The title may have intrigued you, here is how it evolved. A few teams that I coach wanted to know about Scaling Agile  and particularly Scaled Agile Framework and I was thinking on how best to introduce that in a contextual manner. The patterns I had seen emerge during my coaching interactions with the teams came handy. These were real challenges that teams had encountered and resolved and the teams related to. Linking this to “online knowledge base of proven success patterns” became the easy first step.

Here is one…

Quite some time back, when I started coaching a Scrum team that was not co-located, the first change the team looked forward to was better Sprint planning.

The Sprint Planning would start at about 7 pm IST and go on up to 8 pm IST on the last day of the sprint. This time was chosen as both team members in India and a few team members at the onshore location were available. For a two week sprint the duration was inadequate, invariably they committed to (forecast) a sprint backlog that was often not achieved.

Interestingly the team had decided to do so, based on the Scrum guidelines of this being a time boxed meeting with all members participating. They were not able to incorporate the guideline on the duration (of about two hours) though.

    • This was remedied easily by eliciting the purpose of the Sprint Planning and how we could focus on outcome and leverage the different team members playing different roles
    • The 7 to 8 pm meeting was reduced to a ½ hour, as the purpose was to get a prioritized spring backlog, understand the stories and the acceptance criteria from the PO (1)
Distributed Sprint Planning

Distributed Sprint Planning

  • The India team would meet in the morning on the next day and do the detailed planning – breaking stories down to sub-tasks, estimating hours if required and arriving at a near final sprint plan (2)
  • They would meet with the PO in the evening on the same day for ½ to clarify any doubts on the stories that they may have come across during the planning and then commit to (forecast) the sprint backlog (3)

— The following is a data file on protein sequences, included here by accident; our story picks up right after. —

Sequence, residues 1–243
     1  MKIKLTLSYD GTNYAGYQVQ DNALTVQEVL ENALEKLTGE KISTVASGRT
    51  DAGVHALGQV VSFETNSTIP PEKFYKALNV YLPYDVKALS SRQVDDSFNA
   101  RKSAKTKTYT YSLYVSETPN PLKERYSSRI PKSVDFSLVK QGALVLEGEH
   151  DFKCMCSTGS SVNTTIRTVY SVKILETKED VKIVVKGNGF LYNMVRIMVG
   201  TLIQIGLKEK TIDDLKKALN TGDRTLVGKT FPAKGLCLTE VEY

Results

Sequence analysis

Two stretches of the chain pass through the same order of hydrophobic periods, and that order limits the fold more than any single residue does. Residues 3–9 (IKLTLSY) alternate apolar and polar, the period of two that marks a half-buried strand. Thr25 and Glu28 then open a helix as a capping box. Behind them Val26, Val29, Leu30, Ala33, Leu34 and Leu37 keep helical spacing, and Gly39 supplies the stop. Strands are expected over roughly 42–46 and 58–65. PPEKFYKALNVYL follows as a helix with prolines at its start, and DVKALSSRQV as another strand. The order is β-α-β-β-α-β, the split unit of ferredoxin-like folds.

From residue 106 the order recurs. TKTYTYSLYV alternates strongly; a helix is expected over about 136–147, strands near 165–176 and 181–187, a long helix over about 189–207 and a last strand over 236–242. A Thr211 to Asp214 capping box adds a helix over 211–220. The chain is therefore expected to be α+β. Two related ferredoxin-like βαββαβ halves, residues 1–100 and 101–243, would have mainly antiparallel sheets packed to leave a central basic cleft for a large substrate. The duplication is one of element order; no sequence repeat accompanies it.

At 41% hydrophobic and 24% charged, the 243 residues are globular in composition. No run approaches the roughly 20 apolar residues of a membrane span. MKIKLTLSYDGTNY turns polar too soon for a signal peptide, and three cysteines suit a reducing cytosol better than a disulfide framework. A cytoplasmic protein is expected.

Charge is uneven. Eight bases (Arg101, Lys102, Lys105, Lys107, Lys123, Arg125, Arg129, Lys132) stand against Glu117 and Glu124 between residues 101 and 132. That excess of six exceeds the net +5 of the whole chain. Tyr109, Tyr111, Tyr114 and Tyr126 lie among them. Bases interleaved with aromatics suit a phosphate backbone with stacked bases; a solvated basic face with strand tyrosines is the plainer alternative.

• The team would start work on the high priority stories after the planning

This worked out well and this pattern was applied with some tweaks by many of the distributed teams.
SAFe deals with a set of distributed teams and their Program Increment (PI) planning lays out how to do a multi-team, multi-location planning leveraging everyone effectively. The team was able to relate to the challenge and the approach.

Multiple Teams

Here is another one on multiple teams responsible for a product, working with different sprint duration to start with:
http://pm-powerconsulting.com/blog/manifestation-self-organization-across-teams/

The teams experientially figured out that they have to have synchronised sprints and adopted the same to move towards fast integrated learning cycles.

My advice at the start to do the same was not accepted, but I felt a lot happier and more satisfied when they themselves decided to do so.

Sprints On and On

And here is another one which talks about fatigue that sets in whens team work on never ending backlog sprint after sprint without respite.
http://pm-powerconsulting.com/blog/ready-steady-on-and-on/
SAFe introduces a iteration every few iterations called Innovation and Planning Sprint, which helps the team deal with the next increment with more gusto and enthusiasm.

Hope this help you get an introductory view into SAFe, agile teams discover patterns as they work together to deliver products and focus on continuous improvement. SAFe provides you access to a set of successful patterns that you could use as is and/or with your tweaks. You certainly will come across something that you have already experienced.

SAFe has a lot more in it, this was introduction to some aspects of it from the team perspective.

Do share your views and experiences